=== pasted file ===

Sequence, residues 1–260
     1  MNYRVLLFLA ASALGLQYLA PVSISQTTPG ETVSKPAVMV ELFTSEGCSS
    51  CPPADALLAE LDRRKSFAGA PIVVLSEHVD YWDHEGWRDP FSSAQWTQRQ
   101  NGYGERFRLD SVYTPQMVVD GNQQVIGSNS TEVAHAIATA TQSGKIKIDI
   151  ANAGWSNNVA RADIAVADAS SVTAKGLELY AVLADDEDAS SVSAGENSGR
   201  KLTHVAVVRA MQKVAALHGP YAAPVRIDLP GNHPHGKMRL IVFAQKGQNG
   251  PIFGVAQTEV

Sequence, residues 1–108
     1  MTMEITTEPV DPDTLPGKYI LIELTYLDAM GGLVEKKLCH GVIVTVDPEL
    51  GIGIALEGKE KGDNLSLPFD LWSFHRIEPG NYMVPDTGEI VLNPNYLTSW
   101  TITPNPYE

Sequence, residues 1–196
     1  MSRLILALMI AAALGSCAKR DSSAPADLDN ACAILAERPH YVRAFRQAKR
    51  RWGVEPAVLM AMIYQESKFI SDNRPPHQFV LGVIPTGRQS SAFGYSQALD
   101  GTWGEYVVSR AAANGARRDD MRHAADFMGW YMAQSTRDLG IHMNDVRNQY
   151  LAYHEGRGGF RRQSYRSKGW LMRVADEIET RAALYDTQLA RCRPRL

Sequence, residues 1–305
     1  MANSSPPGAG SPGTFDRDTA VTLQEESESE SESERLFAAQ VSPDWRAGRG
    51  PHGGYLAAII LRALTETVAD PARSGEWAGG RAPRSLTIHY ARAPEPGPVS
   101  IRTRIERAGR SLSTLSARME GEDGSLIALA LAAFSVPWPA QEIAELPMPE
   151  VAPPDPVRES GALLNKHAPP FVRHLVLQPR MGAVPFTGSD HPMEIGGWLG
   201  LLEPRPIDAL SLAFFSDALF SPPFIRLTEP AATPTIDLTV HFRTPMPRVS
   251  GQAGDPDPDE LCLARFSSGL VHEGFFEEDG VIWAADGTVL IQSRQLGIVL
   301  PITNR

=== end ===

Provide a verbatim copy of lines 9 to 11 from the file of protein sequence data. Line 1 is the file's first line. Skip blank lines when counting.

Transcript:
     1  MTMEITTEPV DPDTLPGKYI LIELTYLDAM GGLVEKKLCH GVIVTVDPEL
    51  GIGIALEGKE KGDNLSLPFD LWSFHRIEPG NYMVPDTGEI VLNPNYLTSW
   101  TITPNPYE